Richard Sprague

My personal website

Comparing Amazon Halo to Apple Watch

Created: 2020-12-02 ; Updated: 2021-03-02

The Amazon Halo is a new fitness band with a few interesting features, notably a body scan option that claims to be more accurate than a household scale at calculating body fat. I’ll look in depth at that feature later, but meanwhile I wanted a quick-and-dirty test of the overall sensor accuracy.

To help with the analysis, I created a new R package called amazonhalor that can read the raw data you can download from the Halo.

devtools::install_github("richardsprague/amazonhalor")

The Halo data files are a little quirky, so this package offers a number of convenience functions to automatically convert the raw data into an R dataframe that’s a bit easier to handle.

My Apple Watch data is stored in the variable watch_data_full, so I’ll use the package to read data from Halo so I can compare.

If you set the variable halo_directory to a pathname pointing to the Amazon Health Data directory, read the Halo heart rate data like this:

halo_heartrate_df <- amazonhalor::halo_heartrate_df(halo_directory)
halo_activity_daily_df <- amazonhalor::halo_daily_df(halo_directory)
halo_sleep_df <- amazonhalor::halo_sleep_sessions_df(halo_directory)

Sleep

Unlike the Apple Watch with its power-hungry display, the Halo battery easily lasts a full two days without charging, making it a worthwhile sleep tracker. Unlike my Apple Watch, Halo samples my skin temperature as well, giving it another parameter of sleep quality.

In general I’m finding the Halo to be pretty accurate about sleep. With no intervention from me, it accurately identifies precisely when I fall asleep and when I wake up. My “morning feel” – how refreshed I feel upon getting up – matches pretty well with the Halo “Sleep Quality” score. In this Halo does better than the Autosleep app I’ve long used with my Apple Watch.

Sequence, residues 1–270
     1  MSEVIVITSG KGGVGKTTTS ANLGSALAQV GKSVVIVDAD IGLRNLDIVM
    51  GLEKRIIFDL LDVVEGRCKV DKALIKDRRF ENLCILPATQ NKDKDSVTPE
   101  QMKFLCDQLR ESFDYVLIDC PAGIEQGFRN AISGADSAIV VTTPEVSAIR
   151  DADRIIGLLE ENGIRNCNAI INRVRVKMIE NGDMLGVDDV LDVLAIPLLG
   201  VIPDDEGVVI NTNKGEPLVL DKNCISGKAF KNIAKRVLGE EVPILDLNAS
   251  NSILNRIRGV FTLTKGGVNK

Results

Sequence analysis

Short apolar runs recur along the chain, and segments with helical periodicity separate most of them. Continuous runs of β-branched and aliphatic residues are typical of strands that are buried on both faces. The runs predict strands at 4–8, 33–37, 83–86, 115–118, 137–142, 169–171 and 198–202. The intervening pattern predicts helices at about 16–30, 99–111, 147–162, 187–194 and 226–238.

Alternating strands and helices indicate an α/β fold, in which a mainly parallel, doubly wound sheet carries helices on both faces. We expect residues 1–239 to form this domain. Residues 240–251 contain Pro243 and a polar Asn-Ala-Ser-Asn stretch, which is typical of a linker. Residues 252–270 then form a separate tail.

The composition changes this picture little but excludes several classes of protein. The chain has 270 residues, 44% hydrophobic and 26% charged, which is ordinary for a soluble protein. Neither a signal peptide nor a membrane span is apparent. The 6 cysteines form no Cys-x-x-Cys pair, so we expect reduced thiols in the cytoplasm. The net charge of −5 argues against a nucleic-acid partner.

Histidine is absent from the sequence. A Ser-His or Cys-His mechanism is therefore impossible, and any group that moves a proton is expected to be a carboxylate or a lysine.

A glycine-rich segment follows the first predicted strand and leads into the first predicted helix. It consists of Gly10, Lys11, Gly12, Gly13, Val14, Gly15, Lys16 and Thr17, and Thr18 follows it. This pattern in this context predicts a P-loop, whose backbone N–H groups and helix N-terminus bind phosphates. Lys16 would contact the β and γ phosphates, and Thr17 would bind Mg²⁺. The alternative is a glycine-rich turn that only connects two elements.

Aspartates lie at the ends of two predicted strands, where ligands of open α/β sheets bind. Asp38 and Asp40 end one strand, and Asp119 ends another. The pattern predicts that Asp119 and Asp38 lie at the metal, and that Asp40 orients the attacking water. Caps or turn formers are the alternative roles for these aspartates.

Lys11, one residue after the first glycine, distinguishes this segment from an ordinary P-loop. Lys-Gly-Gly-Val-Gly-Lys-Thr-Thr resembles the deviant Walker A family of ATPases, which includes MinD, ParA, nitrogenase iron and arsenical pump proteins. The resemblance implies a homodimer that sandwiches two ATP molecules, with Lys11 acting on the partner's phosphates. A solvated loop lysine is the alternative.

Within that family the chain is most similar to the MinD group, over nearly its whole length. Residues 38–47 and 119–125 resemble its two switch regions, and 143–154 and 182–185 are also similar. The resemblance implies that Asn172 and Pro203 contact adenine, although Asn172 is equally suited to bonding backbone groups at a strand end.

halo_sleep_df %>%  pivot_longer(cols = c("Z","REM", "Deep", "Light"), names_to = "Phase", values_to = "Duration") %>% 
  transmute(date = `Date Of Sleep`, Phase = factor(Phase), Duration) %>% dplyr::filter(Phase != "Z") %>% 
  ggplot(aes(x=date, y = Duration/3600, fill = Phase)) + geom_col() +
  labs(title = "Sleep Duration", subtitle = "Amazon Halo", y = "Hours", x = "")  +
  scale_x_date(date_breaks = "1 week", date_labels = "%b-%d") +
      theme(axis.text.x = element_text(angle = 90, hjust = 1))

Note my lack of deep sleep, an issue that I’ve known about for years.

Resting Heart Rate

Apple Watch and Halo seem quite different in their measurement of resting heart rate:

watch_halo <- watch_data_full %>% dplyr::filter(endDate >= "2020-11-23" & type=="RestingHeartRate") %>%
  transmute(Date=lubridate::as_date(endDate, tz = Sys.timezone()),sourceName=sourceName,`Resting Heart Rate (bpm)`=value) %>%
  full_join(select(halo_activity_daily_df, Date, sourceName, `Resting Heart Rate (bpm)`)) %>%
  transmute(Date = Date, HR = `Resting Heart Rate (bpm)`, source = factor(sourceName, labels = c("Amazon Halo", "Apple Watch")))

a <- watch_halo %>% pivot_wider(names_from = source, values_from = HR, values_fn = function(x) x[1]) %>% bind_cols(x = .[2] - .[3])

names(a) <- c("Date","Apple Watch", "Amazon Halo", "Diff")

p1 <- watch_halo %>%
  ggplot(aes(x=Date, y= HR, color = source)) +
  geom_line( size=2) + # data = filter(watch_halo, source != "Diff"),
  
  labs(title = "", color = "Source", x = "") +
    scale_x_date(date_breaks = "1 week", date_labels = "%b-%d") +
      theme(axis.text.x = element_blank(),